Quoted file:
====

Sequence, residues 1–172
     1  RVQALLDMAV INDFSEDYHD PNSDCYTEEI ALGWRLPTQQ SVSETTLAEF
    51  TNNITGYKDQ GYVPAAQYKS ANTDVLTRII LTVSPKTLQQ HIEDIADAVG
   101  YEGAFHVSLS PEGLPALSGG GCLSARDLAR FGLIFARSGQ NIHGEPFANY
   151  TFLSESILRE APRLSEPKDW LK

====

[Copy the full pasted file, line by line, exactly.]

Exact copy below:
Sequence, residues 1–172
     1  RVQALLDMAV INDFSEDYHD PNSDCYTEEI ALGWRLPTQQ SVSETTLAEF
    51  TNNITGYKDQ GYVPAAQYKS ANTDVLTRII LTVSPKTLQQ HIEDIADAVG
   101  YEGAFHVSLS PEGLPALSGG GCLSARDLAR FGLIFARSGQ NIHGEPFANY
   151  TFLSESILRE APRLSEPKDW LK